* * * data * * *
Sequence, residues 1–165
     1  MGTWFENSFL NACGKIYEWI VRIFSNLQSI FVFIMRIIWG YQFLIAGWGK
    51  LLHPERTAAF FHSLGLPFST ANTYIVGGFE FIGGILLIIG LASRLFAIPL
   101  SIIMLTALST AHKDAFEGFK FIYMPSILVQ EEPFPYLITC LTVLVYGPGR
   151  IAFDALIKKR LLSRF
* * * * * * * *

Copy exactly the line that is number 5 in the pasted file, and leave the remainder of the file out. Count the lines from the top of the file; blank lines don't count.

   151  IAFDALIKKR LLSRF